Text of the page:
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(TMU) — A raging fire in the radioactive forest surrounding the Chernobyl nuclear power plant has raised alarms in Ukraine and is now threatening large deposits of radioactive waste from the 1986 nuclear disaster.
The wildfires, which are consuming the polluted forests in the Chernobyl Exclusion Zone, are feared to be moving toward the abandoned trucks, vehicles, and other material near the disaster site.
While fires occur somewhat regularly in the region, forest fires that began raging on April 4 around the infamous former site of the nuclear power plant at Pripyat are close to a mile (2 kilometers) from the reactors housing much of the nuclear material at the Chernobyl disaster zone, say officials.
Katerina Pavlova, who heads Ukraine’s State Agency for Management of the Exclusion Zone and has been involved in the firefighting, told the New York Times:
“We have been working all night digging firebreaks around the plant to protect it from fire.
At the moment, we cannot say the fire is contained.”
The faulty nuclear reactor near the city of Pripyat remains surrounded by 1,003 square miles (2,600 square kilometers) of restricted access, known as the Chernobyl Exclusion Zone and the Zone of Obligatory Resettlement. While the area is largely uninhabited, roughly 200 people have refused to vacate the area since the April 1986 disaster at the plant’s fourth nuclear reactor that produced a massive cloud of radioactive fallout that drifted over Europe.
Last Sunday, Yegor Firsov, the head of Ukraine’s state ecological inspection service, said in a post to Facebook that radiation levels in the center of the fire were about 16 times higher than normal. In the post, he included video of a Geiger counter revealing the heightened radiation levels.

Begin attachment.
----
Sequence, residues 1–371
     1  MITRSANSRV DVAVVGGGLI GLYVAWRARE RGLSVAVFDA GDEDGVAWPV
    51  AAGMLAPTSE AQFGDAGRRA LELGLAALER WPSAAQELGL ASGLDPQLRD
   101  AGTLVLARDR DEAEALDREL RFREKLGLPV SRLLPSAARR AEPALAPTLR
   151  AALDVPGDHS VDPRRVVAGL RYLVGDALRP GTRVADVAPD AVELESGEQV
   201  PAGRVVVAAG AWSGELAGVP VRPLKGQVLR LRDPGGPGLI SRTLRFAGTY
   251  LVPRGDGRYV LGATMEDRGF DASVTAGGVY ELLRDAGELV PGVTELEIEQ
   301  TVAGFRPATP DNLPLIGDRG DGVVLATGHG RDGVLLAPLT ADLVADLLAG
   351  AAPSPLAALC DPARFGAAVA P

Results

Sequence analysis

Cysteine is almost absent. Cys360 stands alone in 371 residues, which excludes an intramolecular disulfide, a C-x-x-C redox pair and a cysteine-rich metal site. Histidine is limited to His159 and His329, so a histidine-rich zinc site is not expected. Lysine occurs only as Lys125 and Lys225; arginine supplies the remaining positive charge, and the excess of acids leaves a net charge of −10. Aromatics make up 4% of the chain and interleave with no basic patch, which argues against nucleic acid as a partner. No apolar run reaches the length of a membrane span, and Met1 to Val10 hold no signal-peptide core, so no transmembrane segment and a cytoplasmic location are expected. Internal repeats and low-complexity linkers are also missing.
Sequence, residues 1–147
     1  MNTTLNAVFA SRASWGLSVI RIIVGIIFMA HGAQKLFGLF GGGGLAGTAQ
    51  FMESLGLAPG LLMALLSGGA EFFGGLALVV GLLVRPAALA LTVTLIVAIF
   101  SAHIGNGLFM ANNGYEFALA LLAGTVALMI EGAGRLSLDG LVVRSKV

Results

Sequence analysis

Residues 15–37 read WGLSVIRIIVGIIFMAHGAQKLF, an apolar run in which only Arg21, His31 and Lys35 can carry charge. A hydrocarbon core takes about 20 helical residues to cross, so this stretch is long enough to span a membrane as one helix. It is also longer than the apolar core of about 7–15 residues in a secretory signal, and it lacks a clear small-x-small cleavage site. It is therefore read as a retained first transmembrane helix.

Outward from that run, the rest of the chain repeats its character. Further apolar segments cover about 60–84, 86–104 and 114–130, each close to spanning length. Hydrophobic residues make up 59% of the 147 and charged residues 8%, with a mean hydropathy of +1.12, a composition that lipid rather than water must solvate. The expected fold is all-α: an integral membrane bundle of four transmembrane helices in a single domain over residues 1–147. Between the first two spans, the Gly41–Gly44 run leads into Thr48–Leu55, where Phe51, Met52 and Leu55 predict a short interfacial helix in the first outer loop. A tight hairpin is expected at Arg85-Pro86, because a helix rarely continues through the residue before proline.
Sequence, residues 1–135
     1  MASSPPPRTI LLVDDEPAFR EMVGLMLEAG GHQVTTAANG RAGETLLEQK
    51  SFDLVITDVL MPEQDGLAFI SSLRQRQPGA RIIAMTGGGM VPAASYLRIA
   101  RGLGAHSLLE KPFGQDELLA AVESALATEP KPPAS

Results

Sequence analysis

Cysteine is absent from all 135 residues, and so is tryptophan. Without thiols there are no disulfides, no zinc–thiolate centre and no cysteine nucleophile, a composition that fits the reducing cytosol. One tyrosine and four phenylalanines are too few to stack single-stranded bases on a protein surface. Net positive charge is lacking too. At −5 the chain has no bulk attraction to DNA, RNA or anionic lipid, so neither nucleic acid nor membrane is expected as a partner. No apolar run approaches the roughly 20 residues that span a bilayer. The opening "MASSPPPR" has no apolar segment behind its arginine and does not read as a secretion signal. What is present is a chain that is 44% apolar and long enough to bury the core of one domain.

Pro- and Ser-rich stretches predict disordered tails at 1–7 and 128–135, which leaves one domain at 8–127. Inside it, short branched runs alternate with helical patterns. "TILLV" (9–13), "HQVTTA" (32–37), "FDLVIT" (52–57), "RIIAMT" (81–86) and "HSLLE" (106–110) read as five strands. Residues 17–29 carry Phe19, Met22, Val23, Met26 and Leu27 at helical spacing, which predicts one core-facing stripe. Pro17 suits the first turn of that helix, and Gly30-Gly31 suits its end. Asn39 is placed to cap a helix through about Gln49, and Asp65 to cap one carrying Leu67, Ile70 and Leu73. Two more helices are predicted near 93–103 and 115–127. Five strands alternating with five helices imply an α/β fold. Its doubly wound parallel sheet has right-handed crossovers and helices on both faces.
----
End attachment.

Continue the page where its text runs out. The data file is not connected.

However, officials have taken pains to say that the newly released radioactive material isn’t enough to pose any danger to people in the region.
Firsov himself later withdrew his claims about the heightened radiation levels, claiming that manmade radionuclides weren’t detected at the site of the fire.
Russian news agency TASS reports that despite Ukrainian officials’ attempts to suppress the fire—which have included air drops of hundreds of tons of water using considerable air power—the fire continues to rage in a largely uncontrolled manner.
On Monday, the State Emergency Service of Ukraine said:
“By April 13, the Emergency Service Ministry, together with the forestry officers, continues to fight wildfires in the Korogodsky, Kotovsky and Denisovetsky forestries.”
The government service added that 366 people and 88 vehicles, “including three [Antonov] AN-32P planes and three helicopters that dropped 370 tons of water on April 12,” have been involved in the ongoing operation.
The service also said that radiation levels in the Ukrainian capital Kiev remain stable, adding that the radiation levels on the ground and radionuclide content in the water “does not exceed allowed limits.”
Yet it is feared that the situation could considerably worsen if the flames reach Chernobyl’s four nuclear reactors.
The fire in the Chernobyl Exclusion Zone began on April 4 and was allegedly started by a 27-year-old resident of Kiev. On Friday, police in the Kiev region announced that criminal proceedings had begun against the suspect.